The End of the World – a concept that was blown out of proportion. Introduced by the Mayans, wrongly interpreted, believed by some wackos, shaped by the mass media, supposed to happen yesterday, the Apocalypse turned out to be a simple evening for my friends and I, huddled around Dorian’s couch, watching Love Actually on his newly-installed TV. Can’t complain. But the morning afterwards, as I prepare for my plane to Italy to visit my aunt for Christmas, I can’t help but feel a bit let down.
Although I’m glad I’m still here – and so is everyone else sane enough not to inflict damage on themselves in the past day – there’s a hole in the place of those rare superstitious fibers in my body, which had been telling me for weeks, in spite of jokes and speculations, that something big was about to happen. Well, nothing changed. I don’t feel any different. Even though the Mayans hadn’t actually predicted the end of the entire world, hadn’t they predicted the beginning of a new cycle, or something like that? I like my life, but the prospect of some sort of dramatic change intrigued me. How would I and the rest of the world be different? In a way, I – and I think others – crave that sort of exhilaration and sense of the unknown. Maybe it’s in human nature to crave change? To hope that all of the sudden, all of those mundane worries will be obsolete, and we’ll have to re-adapt. No: change in this world occurs (in general) slowly and it’s often imperceptible. No apocalypse to look forward to. Would we be better off with drastic change or is the continuous progression of everyday life the way to go?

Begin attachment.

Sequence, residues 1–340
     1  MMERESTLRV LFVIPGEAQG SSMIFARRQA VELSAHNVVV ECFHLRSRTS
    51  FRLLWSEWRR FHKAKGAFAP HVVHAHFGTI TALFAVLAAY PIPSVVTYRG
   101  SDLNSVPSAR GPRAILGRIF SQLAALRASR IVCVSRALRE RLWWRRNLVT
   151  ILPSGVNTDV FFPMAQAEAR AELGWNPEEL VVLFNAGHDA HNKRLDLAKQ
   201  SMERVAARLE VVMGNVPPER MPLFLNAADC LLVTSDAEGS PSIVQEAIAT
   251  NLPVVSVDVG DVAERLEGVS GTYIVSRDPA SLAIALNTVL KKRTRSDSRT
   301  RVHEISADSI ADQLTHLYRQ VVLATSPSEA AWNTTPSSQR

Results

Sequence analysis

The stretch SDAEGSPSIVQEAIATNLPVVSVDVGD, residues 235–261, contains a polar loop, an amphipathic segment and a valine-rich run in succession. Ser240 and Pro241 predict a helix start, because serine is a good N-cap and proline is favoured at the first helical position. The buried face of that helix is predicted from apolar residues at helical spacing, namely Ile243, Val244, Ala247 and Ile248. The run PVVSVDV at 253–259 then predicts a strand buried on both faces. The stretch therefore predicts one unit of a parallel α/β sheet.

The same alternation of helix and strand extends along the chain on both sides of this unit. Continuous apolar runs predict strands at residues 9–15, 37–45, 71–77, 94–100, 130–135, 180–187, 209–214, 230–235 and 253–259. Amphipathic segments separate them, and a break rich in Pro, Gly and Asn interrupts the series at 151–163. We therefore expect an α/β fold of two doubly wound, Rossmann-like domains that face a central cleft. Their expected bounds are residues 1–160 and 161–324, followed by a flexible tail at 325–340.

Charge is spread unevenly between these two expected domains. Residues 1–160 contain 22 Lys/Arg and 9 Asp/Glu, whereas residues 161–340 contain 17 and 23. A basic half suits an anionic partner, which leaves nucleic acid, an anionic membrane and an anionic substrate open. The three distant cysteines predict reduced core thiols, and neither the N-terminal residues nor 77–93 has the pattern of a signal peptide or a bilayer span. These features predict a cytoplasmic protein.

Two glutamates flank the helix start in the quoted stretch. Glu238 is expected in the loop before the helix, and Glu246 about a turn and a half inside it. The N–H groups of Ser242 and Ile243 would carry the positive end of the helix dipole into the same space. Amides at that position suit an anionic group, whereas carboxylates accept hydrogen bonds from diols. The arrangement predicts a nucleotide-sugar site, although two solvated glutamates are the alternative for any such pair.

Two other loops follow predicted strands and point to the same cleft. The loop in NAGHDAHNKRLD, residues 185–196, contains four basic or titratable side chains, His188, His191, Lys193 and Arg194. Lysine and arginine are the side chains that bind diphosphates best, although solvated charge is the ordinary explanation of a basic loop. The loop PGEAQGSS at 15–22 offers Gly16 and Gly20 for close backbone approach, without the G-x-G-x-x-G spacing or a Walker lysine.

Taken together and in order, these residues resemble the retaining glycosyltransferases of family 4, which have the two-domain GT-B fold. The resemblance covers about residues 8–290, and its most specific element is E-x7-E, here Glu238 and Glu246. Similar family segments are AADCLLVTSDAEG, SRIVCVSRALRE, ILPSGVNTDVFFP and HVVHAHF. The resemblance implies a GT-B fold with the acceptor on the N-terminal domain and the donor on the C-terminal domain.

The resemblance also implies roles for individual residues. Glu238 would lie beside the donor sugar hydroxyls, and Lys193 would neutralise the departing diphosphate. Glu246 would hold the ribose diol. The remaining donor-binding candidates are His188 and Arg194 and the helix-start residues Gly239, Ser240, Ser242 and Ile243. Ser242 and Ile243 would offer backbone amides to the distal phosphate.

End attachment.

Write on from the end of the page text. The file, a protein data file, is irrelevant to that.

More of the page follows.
Thoughts on that?